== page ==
South Sudanese citizens, international dignitaries and the world’s newest president convened in the new country capital of Juba on Saturday to celebrate the birth of a nation.
South Sudan became the world’s newest country Saturday with a raucous street party at midnight.
Later, U.N. Secretary-General Ban Ki-moon, former U.S. Secretary of State Colin Powell and dozens of other world leaders will watch under a blazing sun as South Sudan President Salva Kiir hosts a noon-hour ceremony.
“Wow, this is a great day for me because it’s a day that reflects the suffering that all southerners have had for almost 50 years,” said David Aleu, a 24-year-old medical student.
The black African tribes of South Sudan and the mainly Arab north battled two civil wars over more than five decades, and some 2 million died in the latest war, from 1983-2005. It culminated in a 2005 peace deal that led to Saturday’s independence declaration.
Sudan President Omar al-Bashir, the former leader of the south, is also to attend Saturday’s ceremony.
Thousands of South Sudanese poured into the ceremonial arena when gates opened. Traditional dancers drummed in the streets as residents waved tiny flags. Activists from the western Sudan region of Darfur, which has suffered heavy violence the past decades, held up a sign that said “Bashir is wanted dead or alive.” Mr. Bashir has been indicted by the International Criminal Court for war crimes in Darfur.
“We came to say welcome to our brothers from the south. We came also to remind the world that the problem in Darfur is continuing,” said Nimir Mohammed.
South Sudan is expected to become the 193rd country recognized by the United Nations next week and the 54th U.N. member state in Africa.
Though Saturday is a day of celebration, residents of South Sudan must soon face many challenges. Their country is oil-rich but is one of the poorest and least-developed on Earth. Unresolved problems between the south and its former foe to the north could mean new conflict along the new international border, advocates and diplomats warn.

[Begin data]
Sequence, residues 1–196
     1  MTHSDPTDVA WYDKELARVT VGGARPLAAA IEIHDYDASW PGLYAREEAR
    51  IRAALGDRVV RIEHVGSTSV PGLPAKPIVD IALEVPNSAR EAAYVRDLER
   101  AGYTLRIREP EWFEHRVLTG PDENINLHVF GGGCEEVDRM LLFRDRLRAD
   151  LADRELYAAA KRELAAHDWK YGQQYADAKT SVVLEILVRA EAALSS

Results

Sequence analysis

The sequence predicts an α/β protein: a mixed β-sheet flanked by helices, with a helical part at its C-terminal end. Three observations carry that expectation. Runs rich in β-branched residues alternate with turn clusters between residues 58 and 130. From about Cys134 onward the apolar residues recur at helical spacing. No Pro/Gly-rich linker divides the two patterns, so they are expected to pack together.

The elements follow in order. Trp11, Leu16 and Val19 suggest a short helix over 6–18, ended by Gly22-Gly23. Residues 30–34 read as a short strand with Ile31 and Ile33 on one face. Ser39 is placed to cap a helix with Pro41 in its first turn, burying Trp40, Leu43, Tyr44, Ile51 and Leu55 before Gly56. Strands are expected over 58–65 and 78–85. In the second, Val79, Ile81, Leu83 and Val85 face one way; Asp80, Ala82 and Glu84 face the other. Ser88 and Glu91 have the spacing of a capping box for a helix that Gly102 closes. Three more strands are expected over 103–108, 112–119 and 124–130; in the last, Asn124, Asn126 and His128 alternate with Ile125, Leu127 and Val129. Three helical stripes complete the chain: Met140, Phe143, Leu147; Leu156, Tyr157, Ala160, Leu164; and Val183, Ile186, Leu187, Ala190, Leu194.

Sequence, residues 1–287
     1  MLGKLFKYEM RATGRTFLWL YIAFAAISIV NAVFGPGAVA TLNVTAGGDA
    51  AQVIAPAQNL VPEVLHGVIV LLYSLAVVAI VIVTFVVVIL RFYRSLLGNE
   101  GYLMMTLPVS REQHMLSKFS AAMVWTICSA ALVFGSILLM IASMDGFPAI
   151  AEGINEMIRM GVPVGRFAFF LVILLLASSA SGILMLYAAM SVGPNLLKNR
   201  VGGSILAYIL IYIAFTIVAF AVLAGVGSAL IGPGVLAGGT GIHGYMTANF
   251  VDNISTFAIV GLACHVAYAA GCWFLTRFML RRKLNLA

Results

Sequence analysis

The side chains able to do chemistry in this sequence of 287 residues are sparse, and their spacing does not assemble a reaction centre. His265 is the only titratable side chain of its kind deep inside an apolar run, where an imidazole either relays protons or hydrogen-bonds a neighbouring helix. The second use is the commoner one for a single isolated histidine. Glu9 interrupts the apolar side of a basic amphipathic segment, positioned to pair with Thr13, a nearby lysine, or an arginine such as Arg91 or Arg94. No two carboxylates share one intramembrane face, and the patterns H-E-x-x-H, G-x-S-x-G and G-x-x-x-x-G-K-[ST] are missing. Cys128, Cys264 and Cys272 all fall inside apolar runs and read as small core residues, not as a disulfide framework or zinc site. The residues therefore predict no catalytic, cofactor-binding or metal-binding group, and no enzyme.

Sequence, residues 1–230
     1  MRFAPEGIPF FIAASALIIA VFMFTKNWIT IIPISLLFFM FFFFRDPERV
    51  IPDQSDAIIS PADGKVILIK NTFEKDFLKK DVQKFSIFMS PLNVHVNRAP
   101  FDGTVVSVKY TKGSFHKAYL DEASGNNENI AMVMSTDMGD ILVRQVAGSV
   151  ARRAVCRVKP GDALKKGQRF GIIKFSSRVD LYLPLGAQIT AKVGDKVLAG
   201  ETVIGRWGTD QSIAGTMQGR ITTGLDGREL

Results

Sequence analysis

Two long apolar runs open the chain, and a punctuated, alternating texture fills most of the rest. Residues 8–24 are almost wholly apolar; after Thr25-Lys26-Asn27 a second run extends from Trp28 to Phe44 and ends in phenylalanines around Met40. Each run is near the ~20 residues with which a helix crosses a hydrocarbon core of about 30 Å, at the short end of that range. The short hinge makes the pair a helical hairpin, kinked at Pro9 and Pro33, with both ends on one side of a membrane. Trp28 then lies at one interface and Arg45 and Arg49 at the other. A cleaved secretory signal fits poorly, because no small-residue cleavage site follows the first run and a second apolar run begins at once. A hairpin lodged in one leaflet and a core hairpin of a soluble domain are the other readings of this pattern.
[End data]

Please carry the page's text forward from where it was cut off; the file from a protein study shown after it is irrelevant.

Violence has broken out in the contested border region of Abyei in recent weeks, and fighting is ongoing in Southern Kordofan, a state that lies in Sudan -- not South Sudan -- but which has many residents loyal to the south. The 1,300-mile (2,100-kilometer) north-south border is disputed in five areas, several of which are being illegally occupied by either northern or southern troops.
The young government faces the huge challenge of reforming its bloated and often predatory army, diversifying its oil-based economy, and deciding how political power will be distributed among the dozens of ethnic and military factions. It must also begin delivering basic needs such as education, health services, water and electricity to its more than 8 million citizens.
While South Sudan is now expected to control of more than 75 percent of what was Sudan’s daily oil production, it has no refineries and southern oil must flow through the north’s pipelines to reach market.
But for Saturday, at least, those problems lay on the back burner. Smiles, singing and dancing instead took precedence.
Adut Monica Joseph waited for the ceremony with her sister and uncle as world leaders arrived. She said she looked forward to a day when women in South Sudan don’t face the hardships they have in recent decades. The risk to the mother of death during child birth is extremely high in the poor and underdeveloped rural south.
“I’m very grateful to see many people from other countries,” said the 22-year-old. “I’m appreciating that they have come to celebrate with us. I hope when we have independence we shall have freedom and education for women.”